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Nov 18 2012

New releases from the baritone community!

Baritone saxophonists often find difficulty in escaping the paradigm that the only place for them is anchoring a big band. So for baritone saxophonists with ambitions of improvisation and making creative music in a small group setting they often must set out and create groups and recordings for themselves. We are happy to announce two new such ventures from the baritone saxophone community.

The first is a new album co-led by Aaron Lington, from the BiCoastal collective titled Chapter Three.

Click here to listen to a track from the CD on YouTube!

“Sparkling solos in a decidedly post-bop setting. The music throughout this enjoyable CD keeps revealing new facets with each hearing.” –All Music Guide

 

 

 

 

 

 

 

 


The next album comes from baritone saxophonist Shirantha Beddage. This is Shirantha’s second CD as leader, entitled “Identity”. It features a set of his original compositions on baritone sax (and a special bonus track on bass clarinet), with a stellar group of musicians from Toronto and New York.

Please visit his site (www.shiranthabeddage.com) for more information and sound samples from the CD.  Physical copies are currently available, and Itunes and other online distribution will be up in a few weeks.

About the author

JazzBariSax

A site dedicated to the king of all instruments. Curated by baritone saxophonist Andrew Hadro.



1 comment

  1. Harry Cartwright

    It’s so nice to find sites specifically addressed to the baritone sax. The sound I personally des-
    cribe of the baritone sax is that it has two distinct personalities. It’s tone can be a smooth mellow pussycat, eg Sadie’s “Kiss of Life” and take on a personality as a raging beast, e.g. Leo Porter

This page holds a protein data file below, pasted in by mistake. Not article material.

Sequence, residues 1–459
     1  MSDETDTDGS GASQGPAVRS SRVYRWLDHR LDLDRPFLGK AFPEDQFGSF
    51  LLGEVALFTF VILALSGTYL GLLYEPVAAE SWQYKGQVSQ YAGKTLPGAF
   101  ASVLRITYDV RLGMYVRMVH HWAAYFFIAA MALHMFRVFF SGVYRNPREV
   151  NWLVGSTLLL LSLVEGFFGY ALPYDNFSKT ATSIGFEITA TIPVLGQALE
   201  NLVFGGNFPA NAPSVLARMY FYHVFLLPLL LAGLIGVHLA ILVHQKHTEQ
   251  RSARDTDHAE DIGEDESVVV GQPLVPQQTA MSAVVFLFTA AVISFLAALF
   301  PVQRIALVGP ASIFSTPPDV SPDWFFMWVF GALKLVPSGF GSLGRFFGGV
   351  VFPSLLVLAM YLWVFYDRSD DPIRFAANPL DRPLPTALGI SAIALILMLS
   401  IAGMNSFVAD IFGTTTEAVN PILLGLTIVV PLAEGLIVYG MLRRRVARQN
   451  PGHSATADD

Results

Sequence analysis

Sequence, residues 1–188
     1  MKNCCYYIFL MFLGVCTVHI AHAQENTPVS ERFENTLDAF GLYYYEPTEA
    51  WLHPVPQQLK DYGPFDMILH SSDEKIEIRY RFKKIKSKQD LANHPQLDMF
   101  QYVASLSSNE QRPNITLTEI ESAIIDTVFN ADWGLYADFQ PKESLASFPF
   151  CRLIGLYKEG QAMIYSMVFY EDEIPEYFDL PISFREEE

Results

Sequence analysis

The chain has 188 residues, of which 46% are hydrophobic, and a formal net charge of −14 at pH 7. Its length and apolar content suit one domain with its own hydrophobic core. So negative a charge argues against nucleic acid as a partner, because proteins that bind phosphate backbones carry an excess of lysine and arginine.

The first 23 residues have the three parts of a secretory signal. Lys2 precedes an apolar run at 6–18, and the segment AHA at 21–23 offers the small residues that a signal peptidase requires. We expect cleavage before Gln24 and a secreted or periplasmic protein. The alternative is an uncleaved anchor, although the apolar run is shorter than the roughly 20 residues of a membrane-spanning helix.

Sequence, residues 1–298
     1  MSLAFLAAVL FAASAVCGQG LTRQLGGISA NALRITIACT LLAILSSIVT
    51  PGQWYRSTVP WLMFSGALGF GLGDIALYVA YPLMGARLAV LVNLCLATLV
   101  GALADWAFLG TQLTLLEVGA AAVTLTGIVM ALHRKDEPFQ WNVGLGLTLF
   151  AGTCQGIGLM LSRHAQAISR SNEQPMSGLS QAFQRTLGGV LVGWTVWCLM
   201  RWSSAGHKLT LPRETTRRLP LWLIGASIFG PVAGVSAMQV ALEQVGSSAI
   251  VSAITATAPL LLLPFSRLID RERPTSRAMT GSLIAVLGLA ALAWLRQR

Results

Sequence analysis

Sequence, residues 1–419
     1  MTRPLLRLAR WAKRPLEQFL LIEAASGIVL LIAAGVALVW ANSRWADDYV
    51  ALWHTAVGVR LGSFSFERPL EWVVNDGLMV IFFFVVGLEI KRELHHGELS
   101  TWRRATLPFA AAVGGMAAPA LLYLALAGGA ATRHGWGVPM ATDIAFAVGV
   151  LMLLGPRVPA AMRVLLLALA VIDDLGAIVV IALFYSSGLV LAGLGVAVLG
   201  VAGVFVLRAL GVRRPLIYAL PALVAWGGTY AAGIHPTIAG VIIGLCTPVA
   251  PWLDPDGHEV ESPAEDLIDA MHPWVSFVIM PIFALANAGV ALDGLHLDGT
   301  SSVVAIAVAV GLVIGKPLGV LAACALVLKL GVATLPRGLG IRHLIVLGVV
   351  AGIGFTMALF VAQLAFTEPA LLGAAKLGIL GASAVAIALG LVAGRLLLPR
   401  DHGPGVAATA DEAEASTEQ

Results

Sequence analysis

and certaininly other players. To me looking a such a large intrument as the bari sax, it could
    be decieving as to how this instrument can be so mellow then very very very dynamic. The bari
    sax has it’s own sound, no other sax, and probably, no other instrument can fully duplicate.
    From rock, soul, funk, gospel. jazz and last but not least, Classical (Mark Watters), where would
    the listeners be without that distinct sound of the BARITONE SAXOPHONE? THIS PARTICULAR
    SAXOPHONE HAS IT’S OWN MAGIC!!!! Please forgive me if I’m a little too extreme.

    There are simply fewer people that master a bari sax. So much responsiblility rests on the
    player because the part played is usuallly so dominant and is meant to be heard. For my
    $0.02, many and probably most sax players just can’t handle a bari sax. The main reason is
    because they never developed any mastery of tone production of the alto and tenor saxes.
    The bigger bari sax only brings out this weakness even more let alone the intimidation of its
    size.

    Reading the sites and the opinions of pro bari players, I admit, I’m not a pro. Studied privately
    from age 13 to 17. Majored in music a college for a few year and never got a grip on Improvi-
    sation. Sometimes our dreams don’t pan out as we wish but to get to the point, a person has
    to just love music. Yeah, the vintage bari saxes might have some advantages as sound. That
    Conn bari I played in high school was a free blowing beast with a huge sound. The Selmer
    Mark VI was a much more refined instument with it’s key work and even engraving. The newer
    Selmer, Series II, is a much more streamlined and lighter instrument, that I mean that minus the
    big fat width of size, still kicks out a respectable sound. Selmer has been making the Series II for the past, I believe, 26/27 years. Being an owner of a Selmer Series II, I have to say technology
    has produced a quite impressive instrument. I have no knowledge of the newer Series III
    bari saxes. Perhaps at my skill level I can’t be as discerning but no matter how much the accomplieshed/established pros express their pro and cons or older and newer saxes, the
    manufaturer’s are going to employ the most advanced designs they can create.

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